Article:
While it can definitely get too hot, eventually the sun goes down and it’s a little better. Cold just keeps getting worse. It’s unrelenting. It settles in and worms a way inside every shelter, every piece of clothing. Add water and you’re looking at a miserable death. That’s why the Inuit used to say farewell by wishing that you stay dry. Cold sucks and it’s devastating to the environment.
Just look at the way life had to adapt to the Ice Age(s). Mammals go into hibernation, grasses wither back to bulbs, trees keep thick, fibrous leaves all year to take advantage of every scrap of sunlight. Bugs spend a decade or more underground and come out only to mate. After metamorphosis they don’t even have mouth parts! Humans managed to survive because we had fire and could sew clothes.
Actually, most of us just stayed where it was warmer. The Sahara Desert, for example, was then a verdant grassland dotted with lakes and crossed by rivers, the home to crocs and hippos. Humans did great. Aerial radar can peer through the dunes and see their villages, roads, and animal pens. They probably even farmed. It was a happenin’ place. Civilization! So, of course, MY ancestors moved away to scratch out a lonely existence in the frozen north.
Where we learned to hate, Hate, HATE the cold! And to devise all sorts of ways of keeping warm. We dug peat and then coal. We fashioned ingenious layers of clothing and furs, boots, scarves, gloves, hats. You want a reminder of what it used to be like, just go to the Ren Faire. The fashions of that day reflect a little period (about 300 years) of intense cold we now call the Little Ice Age.
And guess what? It’s comin’ back! But we’re clever little creatures. We made it through the last one, I’m pretty sure we’ll make it through this one. Even though it’s gonna be Hell.
As in “There’s nothing certain but….” Say what you will about Ben Franklin, the man really knew how to turn a phrase. It’s too bad that today’s children aren’t learning much about our Revolutionary War heroes. In a typical over-reaction to the supposed “white-washing” of American history, our “progressives” have decided to tar and feather it.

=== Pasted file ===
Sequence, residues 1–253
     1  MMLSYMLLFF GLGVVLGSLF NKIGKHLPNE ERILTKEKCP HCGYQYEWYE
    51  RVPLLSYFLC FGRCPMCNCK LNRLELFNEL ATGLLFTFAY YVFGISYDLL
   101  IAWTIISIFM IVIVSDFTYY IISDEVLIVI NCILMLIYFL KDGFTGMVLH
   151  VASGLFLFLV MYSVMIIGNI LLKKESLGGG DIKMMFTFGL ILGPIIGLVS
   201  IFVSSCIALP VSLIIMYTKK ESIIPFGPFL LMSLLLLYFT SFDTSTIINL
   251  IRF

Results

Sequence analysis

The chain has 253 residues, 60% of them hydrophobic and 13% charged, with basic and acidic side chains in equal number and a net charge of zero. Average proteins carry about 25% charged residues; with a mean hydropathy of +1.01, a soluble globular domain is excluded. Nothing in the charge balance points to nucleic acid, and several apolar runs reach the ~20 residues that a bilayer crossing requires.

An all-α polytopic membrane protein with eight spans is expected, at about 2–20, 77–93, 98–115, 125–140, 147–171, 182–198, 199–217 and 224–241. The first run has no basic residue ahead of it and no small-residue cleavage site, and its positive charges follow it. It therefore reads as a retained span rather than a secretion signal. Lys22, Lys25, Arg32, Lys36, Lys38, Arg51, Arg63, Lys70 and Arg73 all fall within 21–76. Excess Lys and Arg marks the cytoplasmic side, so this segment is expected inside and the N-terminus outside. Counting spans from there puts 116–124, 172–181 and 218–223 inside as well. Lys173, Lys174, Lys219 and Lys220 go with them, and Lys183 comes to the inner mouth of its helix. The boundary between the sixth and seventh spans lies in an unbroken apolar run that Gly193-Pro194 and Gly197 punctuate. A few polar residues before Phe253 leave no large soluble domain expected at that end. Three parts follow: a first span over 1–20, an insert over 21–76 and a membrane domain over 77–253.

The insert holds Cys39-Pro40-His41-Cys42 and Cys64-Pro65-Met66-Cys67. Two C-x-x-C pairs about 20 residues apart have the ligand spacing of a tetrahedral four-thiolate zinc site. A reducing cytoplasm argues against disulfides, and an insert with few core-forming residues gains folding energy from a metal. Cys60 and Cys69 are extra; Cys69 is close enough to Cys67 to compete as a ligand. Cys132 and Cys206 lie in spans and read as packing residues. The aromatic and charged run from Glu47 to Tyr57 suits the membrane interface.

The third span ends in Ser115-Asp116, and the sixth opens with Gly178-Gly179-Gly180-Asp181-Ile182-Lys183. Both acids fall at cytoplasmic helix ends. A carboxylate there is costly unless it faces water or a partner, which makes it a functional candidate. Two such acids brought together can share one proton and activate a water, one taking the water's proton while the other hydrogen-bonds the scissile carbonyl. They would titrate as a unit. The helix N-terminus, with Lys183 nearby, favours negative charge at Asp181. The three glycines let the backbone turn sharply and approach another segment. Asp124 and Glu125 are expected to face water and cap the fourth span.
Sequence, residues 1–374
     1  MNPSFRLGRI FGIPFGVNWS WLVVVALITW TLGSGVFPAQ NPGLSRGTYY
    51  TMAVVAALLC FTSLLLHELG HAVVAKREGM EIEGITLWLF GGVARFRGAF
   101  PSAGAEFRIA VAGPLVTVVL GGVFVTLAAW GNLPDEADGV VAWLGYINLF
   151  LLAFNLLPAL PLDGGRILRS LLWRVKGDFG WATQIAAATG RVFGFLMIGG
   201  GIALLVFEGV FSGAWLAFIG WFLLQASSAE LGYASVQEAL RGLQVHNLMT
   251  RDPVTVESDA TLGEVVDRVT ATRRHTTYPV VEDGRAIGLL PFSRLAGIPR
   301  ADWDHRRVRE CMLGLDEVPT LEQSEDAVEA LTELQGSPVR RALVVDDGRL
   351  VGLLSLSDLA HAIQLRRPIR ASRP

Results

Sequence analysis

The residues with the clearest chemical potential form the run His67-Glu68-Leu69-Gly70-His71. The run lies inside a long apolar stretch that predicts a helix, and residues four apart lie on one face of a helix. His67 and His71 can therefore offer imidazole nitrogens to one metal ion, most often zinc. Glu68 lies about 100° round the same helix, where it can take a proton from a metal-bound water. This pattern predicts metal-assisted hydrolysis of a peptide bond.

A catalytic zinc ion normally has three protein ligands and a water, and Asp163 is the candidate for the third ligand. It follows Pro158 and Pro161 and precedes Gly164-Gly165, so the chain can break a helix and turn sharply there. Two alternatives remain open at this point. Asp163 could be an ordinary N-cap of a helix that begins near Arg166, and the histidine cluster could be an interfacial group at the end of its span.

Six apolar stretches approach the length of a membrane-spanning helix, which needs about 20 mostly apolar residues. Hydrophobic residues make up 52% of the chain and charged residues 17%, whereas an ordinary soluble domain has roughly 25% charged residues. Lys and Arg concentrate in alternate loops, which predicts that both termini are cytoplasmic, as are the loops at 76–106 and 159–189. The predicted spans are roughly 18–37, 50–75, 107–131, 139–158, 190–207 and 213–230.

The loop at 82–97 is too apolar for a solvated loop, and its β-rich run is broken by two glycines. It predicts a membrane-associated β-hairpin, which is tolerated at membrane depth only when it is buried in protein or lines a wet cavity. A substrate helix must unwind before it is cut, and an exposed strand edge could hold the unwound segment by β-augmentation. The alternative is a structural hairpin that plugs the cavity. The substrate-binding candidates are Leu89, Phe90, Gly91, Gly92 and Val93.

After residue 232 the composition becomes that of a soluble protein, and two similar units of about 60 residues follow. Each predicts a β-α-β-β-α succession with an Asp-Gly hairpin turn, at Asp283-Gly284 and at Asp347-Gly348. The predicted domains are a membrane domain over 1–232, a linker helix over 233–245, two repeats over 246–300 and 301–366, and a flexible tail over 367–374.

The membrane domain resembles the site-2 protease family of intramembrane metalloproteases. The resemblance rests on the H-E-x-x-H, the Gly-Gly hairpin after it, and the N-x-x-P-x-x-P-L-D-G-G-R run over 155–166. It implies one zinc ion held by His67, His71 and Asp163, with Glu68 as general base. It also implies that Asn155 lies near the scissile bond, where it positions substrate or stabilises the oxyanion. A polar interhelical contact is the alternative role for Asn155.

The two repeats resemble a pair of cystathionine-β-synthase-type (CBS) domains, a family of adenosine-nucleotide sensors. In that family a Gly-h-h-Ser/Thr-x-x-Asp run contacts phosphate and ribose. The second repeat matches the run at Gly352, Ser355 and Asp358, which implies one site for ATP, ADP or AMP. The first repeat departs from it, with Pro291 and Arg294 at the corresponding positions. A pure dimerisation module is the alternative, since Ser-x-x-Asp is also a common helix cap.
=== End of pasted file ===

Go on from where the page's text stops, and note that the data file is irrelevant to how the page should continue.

It’s become popular to paint our founders as evil men. They were philanderers, slave-owners, tax cheats. They were home-grown terrorists, dumping other people’s property into the bay and cowardly picking off the enemy from the tops of trees. Why didn’t they suit up in flashy uniforms and march toward the British in orderly fashion like civilized men?
Well, if they had, there would be no America today. Remember, these were just ordinary men living in some pretty difficult times. So they weren’t saints and they fought a little dirty. At least they were willing to risk their lives for our freedom. Why act so shocked – SHOCKED – that our heroes have feet of clay?
The tarring continues into the present with our current president. “He had sex with porn stars!” (Ahem, JFK?) “He’s so immature and foul-mouthed!” (Ahem, LBJ?) “He made so many promises and hasn’t kept them!” (Ahem, every politician in the history of the world.) Why even the Reverend Dr. King had numerous dalliances, some of which resulted in children, or so the story goes.
It makes you wonder who’s next. Labor disputes with Santa’s elves? Tearful testimony from bereft mother hens accusing the Easter Bunny of kidnap and murder? And just what does the Tooth Fairy do with all those teeth? It’s pretty grisly when you think about it. For God’s sake why are we doing this to our children?
It’s like explaining divorce to them. You don’t come right out and say you’re splitting up because daddy can’t keep his pants on or mommy can’t stay out of the crack house. Instead you say that because mommy and daddy fight all the time, it’s better for everyone if they don’t try to live together anymore. And you’ll have two houses!
Is that white-washing? I suppose so, but why wallow in the ugly truth when there’s plenty of beautiful truth? George Washington was a skillful, inspiring leader who bravely endured hunger, cold and disease fighting in the wilderness. But I’ll bet he was a little less than diplomatic sometimes, yelling at his starving, barefoot soldiers to suck it up and just keep marching. What?! No 15-minute breaks? The vicious tyrant!